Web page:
The Power of Perspective by Micheal Eisen.
Have you ever felt like no one understands you?
That no matter how much you try to explain what you mean, no one seems to get it? You feel frustrated and think, If I understand, why can’t they? This is what I went through during the first 18 years of my life. I saw things in a way no one else could and had trouble getting others to view them from my perspective. While I felt completely alone and misunderstood, I only realized later that most people experience the same thing that I did at some point.
Most of us have a deep desire to be understood, and while we often expect others to fully comprehend what we’re saying and see things our way, this is actually impossible. We all possess a unique perspective that cannot be shared or replicated. No two people see the world in the exact same way.
This can be quite frustrating, especially when we’re trying to communicate how we feel, what we see, or what we’re experiencing. But, if we’re able to understand the power of perspective we can ﬁnd ways to get around this frustration.
To help further understand the idea of perspective, try imagining your life as a movie. Let’s call it My Life. In this movie, you not only play the lead character, but you are also the writer, director, cinematographer, and producer. After all, this is your life.
Everyone else in your ﬁlm is a secondary character and plays a supporting role, and some people play more important parts than others. Every character has a unique vantage point or perspective from which he or she sees the script, sets, cinematography—everything about it. However, since it’s the movie of your life, you get to direct all aspects of each individual’s performance. You get to tell the story of your life through your eyes only. You interpret every scene through the lens of your camera.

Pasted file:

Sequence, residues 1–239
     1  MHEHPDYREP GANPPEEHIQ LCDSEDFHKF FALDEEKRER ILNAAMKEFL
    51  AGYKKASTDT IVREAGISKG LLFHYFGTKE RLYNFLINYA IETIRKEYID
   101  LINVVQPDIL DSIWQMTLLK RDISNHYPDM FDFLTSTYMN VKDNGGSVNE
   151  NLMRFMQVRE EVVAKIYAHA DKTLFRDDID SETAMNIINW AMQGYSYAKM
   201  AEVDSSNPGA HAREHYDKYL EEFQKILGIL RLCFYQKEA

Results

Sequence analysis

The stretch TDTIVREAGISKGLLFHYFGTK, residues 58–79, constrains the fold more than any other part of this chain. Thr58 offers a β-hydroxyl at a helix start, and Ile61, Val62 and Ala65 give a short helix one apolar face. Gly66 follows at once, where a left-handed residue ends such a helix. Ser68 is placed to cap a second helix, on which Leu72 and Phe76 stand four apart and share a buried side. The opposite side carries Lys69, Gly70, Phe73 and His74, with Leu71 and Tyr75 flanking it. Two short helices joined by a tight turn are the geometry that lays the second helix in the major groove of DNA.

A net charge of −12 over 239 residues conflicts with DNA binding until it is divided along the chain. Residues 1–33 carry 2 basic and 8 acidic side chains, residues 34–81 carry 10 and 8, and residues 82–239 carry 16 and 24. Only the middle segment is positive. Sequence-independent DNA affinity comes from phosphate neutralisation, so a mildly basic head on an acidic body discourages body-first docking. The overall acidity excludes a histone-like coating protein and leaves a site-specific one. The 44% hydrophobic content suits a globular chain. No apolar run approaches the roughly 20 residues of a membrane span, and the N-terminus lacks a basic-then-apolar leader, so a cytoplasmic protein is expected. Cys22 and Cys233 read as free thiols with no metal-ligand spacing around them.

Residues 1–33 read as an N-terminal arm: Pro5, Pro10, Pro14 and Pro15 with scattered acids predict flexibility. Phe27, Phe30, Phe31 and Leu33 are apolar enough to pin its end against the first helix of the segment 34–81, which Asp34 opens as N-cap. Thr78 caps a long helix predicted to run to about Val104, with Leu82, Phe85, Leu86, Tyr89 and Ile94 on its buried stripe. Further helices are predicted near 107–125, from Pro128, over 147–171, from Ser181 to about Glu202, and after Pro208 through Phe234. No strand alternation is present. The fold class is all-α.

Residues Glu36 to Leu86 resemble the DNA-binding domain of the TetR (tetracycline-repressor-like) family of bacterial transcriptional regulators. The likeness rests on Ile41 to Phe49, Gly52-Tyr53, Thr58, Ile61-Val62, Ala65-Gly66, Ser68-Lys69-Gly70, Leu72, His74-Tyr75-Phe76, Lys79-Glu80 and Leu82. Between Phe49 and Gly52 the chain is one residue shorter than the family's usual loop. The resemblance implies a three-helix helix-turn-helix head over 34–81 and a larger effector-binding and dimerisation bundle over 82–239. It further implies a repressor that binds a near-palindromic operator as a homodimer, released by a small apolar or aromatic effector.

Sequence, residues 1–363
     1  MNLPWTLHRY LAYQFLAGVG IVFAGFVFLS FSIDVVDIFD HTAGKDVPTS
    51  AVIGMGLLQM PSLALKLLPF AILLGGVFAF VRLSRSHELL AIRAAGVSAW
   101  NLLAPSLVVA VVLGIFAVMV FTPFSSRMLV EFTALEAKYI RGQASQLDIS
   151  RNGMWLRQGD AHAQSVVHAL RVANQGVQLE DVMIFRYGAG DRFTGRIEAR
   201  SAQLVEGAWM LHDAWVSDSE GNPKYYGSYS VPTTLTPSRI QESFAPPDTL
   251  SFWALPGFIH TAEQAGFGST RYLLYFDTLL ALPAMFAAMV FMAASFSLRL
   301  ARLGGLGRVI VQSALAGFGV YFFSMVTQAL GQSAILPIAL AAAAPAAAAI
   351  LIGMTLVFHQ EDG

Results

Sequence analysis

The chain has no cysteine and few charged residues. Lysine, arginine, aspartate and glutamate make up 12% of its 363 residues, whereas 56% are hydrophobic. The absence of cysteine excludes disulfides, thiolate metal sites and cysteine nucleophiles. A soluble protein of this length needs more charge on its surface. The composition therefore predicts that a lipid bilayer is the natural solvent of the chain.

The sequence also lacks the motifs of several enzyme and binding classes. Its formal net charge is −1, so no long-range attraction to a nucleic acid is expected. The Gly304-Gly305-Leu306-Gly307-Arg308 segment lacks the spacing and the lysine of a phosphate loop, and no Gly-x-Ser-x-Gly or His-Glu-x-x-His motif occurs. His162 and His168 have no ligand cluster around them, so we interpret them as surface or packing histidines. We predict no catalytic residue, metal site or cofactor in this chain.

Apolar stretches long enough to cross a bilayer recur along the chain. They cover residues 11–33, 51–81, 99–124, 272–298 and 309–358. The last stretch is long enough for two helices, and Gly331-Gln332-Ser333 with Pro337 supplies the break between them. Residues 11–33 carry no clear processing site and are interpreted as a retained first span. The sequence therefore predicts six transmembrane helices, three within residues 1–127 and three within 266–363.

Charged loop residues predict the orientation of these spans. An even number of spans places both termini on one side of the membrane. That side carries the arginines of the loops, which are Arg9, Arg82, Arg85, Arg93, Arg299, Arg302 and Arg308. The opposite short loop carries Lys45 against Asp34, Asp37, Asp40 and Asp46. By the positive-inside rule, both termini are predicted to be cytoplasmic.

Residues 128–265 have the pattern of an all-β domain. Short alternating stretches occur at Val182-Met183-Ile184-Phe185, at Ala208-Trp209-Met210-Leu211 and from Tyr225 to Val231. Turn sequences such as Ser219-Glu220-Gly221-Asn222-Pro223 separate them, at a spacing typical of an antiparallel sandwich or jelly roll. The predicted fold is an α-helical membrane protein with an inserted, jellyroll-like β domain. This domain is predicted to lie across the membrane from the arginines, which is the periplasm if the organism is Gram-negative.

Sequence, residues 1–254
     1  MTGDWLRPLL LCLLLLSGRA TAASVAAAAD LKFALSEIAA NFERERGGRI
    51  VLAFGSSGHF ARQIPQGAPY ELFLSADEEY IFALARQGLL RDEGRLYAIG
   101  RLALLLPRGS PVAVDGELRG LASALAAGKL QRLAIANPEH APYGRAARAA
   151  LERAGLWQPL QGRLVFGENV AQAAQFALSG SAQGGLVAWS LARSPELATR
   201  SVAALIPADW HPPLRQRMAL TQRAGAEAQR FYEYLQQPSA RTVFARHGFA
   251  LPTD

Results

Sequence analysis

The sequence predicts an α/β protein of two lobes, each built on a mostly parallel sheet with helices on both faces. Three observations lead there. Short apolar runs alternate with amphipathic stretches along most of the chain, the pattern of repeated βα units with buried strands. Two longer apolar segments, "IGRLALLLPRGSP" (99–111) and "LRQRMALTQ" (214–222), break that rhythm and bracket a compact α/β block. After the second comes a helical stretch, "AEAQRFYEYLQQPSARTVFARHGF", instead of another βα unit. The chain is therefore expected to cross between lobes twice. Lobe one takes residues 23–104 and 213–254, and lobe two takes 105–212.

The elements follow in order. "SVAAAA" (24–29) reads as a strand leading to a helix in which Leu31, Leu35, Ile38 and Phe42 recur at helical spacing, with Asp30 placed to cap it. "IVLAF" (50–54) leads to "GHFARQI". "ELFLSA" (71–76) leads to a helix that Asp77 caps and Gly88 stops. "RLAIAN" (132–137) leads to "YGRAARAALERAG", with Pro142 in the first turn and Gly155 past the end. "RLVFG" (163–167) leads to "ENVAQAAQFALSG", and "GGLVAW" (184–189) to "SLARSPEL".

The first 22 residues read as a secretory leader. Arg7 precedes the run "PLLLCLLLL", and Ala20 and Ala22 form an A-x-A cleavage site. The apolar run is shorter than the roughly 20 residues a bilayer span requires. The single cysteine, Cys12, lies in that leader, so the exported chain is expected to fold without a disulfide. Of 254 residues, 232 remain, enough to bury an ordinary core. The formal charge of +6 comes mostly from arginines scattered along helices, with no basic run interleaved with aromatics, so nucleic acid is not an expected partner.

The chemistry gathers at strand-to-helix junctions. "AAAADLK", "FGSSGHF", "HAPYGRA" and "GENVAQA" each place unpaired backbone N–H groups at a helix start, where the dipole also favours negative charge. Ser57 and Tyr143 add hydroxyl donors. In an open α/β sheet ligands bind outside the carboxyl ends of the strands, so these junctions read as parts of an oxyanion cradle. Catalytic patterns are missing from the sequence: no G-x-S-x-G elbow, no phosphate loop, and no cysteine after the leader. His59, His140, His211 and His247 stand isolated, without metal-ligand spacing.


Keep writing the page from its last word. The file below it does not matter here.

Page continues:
Now to complete this analogy, all of the secondary characters (your parents, kids, siblings, teachers, friends, and so on) have also created their own movies, each called My Life. They have the lead role in their own movies and work as producer, writer, and director. In each of their ﬁlms, you act as a secondary character, and it’s their turn to direct you. You can probably understand that the perspective you have as a character in someone else’s story is very different from the one you have in your own. Hopefully this illustrates how complicated things can get when you interact with so many different people, all of them directing their own life movies, all at the same time.